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The High Priestess Tarot Card Meaning - Trust Your Intuition

The High Priestess is one of the most magical and mysterious cards in the Major Arcana of the Tarot representing the Divine Feminine, intuition, and knowledge. It is the second card in the Major Arcana, after The Fool (0) and The Magician (1).

In readings The High Priestess often points to our intuition, our connection with the Feminine, and hidden knowledge of life’s mysteries that we all possess deep in our subconscious minds.

Historical Significance of The High Priestess

Long before our male dominated religions of the Western World, the archetypal energy of the High Priestess was prevalent in a variety of ancient cultures. The history of priestesses is completely fascinating.

In Ancient Greece, for example, priestesses were very powerful compared to other women, and held a very high status in society. Priestesses, called Hiereiai, lived in temples and served the Greek Goddesses in ritual. They presided over festival days and were often consulted on political matters. One of the most famous priestesses of them all was the Oracle at Delphi. She was believed to possess the power of prophecy and carries ties to the even older prehistoric worship of the Earth Goddess Gaia.

In ancient Egypt priestesses took similar roles to male priests and served both male and female deities. Often called “chantress” a woman might serve through impersonating or embodying a Goddess in ritual. The most important members of the priestesses were often of royal blood and acted as the human wives of the God Amun at Karnak. They were some of the only people who could enter the inner-most shrines to make offerings and perform rituals. They practiced powerful magic aimed at keeping Egypt safe from enemies, shooting arrows into ritual targets and burning enemies in effigy.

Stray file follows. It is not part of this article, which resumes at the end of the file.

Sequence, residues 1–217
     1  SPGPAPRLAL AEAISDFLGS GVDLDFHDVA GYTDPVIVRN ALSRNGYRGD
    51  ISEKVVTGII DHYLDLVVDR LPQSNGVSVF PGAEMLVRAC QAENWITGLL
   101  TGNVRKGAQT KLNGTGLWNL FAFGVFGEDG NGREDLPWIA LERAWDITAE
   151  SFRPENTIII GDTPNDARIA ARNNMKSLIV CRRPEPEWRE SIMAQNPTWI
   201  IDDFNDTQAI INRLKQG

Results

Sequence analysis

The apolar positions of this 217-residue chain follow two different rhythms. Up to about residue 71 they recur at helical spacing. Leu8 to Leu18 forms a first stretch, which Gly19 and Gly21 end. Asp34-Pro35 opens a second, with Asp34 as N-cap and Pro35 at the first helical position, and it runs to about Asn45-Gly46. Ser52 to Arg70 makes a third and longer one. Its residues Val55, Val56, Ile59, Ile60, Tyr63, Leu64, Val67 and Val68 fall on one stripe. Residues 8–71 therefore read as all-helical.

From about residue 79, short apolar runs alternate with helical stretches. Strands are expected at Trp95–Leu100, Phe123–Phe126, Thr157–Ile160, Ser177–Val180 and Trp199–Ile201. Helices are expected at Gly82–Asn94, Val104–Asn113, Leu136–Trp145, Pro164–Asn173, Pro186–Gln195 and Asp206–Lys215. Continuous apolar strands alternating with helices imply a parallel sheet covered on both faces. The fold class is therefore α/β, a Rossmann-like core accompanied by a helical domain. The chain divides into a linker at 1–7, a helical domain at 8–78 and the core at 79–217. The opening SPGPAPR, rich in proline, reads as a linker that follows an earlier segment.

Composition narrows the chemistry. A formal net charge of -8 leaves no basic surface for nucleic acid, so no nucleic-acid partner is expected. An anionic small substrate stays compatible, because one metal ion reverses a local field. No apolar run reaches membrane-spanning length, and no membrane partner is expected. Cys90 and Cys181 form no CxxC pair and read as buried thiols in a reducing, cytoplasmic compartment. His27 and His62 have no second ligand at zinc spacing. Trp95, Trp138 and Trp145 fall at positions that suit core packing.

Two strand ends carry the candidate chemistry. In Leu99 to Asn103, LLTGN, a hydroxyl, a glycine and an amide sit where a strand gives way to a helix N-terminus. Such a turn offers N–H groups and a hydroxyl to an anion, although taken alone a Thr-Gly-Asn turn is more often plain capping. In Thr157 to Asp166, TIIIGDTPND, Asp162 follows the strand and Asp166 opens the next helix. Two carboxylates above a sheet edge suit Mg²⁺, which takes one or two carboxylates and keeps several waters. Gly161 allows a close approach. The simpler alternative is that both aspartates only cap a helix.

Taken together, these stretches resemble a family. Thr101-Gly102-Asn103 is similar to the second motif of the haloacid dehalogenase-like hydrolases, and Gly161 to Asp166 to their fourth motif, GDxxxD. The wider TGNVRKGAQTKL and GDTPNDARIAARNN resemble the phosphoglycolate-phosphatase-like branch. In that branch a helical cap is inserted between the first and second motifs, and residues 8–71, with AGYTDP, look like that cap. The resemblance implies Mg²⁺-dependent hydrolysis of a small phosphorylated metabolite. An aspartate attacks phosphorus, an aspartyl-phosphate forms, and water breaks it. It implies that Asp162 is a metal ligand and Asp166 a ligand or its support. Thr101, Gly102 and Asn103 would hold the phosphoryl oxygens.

In pre-Christian Babylon priestesses dedicated themselves to Goddesses like Astarte and Ishtar and practiced the art of sacred sexuality in worship. These priestesses kept excellent records and so we know of some of their practices including a sacred marriage ritual between the High Priestess who embodied the Goddess and the King.

In all of these ancient cultures the priestesses were honored and considered to be of a very high status in society. They were well educated and lived comfortably in temples and palaces. They spent their days accumulating sacred knowledge and participating in detailed rituals.

The Origins of The High Priestess in Tarot

In some of the earliest Tarot decks we see the High Priestess pictured as a female Pope or Popess. She is represented as Pope Jone, or in the case of the Visconti Sforza Tarot, as Sister Manfreda, a nun who was related to the family that had the cards commissioned.

Later, when the Rider-Waite-Smith Tarot emerged on the scene the more catholic images of the High Priestess changed to the more esoteric and multi-cultural representation that most of us recognize the card by today. The Golden Dawn tradition of which Smith and Waite were both members even have a secret esoteric name for the High Priestess card, The Priestess of the Silver Star.

Throughout the different representations the High Priestess is an embodiment of the sacred Feminine and represents the female aspect of the Divine.

Symbolism and Imagery in the High Priestess Card